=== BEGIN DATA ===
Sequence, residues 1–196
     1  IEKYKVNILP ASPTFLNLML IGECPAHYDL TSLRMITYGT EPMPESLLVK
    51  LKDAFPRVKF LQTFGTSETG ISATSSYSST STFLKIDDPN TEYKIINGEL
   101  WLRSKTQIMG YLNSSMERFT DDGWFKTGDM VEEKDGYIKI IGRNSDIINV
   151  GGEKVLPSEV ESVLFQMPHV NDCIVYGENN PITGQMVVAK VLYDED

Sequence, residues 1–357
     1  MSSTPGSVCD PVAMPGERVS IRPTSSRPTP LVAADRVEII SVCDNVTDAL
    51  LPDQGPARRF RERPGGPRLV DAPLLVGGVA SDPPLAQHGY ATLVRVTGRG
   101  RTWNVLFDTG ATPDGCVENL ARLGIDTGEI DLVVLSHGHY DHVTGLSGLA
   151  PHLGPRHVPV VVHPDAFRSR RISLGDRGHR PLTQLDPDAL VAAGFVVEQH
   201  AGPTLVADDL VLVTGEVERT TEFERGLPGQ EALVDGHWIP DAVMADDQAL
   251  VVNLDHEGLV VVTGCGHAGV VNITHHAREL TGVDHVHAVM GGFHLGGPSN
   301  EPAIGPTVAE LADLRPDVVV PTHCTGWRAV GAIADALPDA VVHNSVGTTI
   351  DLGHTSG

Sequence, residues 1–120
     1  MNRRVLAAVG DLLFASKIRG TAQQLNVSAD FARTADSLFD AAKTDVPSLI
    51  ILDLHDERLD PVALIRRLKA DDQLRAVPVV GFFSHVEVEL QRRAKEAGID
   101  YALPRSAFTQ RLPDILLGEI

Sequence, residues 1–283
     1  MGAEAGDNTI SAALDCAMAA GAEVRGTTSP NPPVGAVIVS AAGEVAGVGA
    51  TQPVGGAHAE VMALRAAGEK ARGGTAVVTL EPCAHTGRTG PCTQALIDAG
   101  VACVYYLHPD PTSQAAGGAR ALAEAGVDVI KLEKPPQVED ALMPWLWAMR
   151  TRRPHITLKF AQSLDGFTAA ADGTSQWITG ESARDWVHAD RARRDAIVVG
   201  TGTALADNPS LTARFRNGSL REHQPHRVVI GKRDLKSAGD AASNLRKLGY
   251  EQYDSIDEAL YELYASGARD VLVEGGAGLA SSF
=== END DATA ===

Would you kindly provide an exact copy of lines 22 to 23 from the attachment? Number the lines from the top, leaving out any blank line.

   101  VACVYYLHPD PTSQAAGGAR ALAEAGVDVI KLEKPPQVED ALMPWLWAMR
   151  TRRPHITLKF AQSLDGFTAA ADGTSQWITG ESARDWVHAD RARRDAIVVG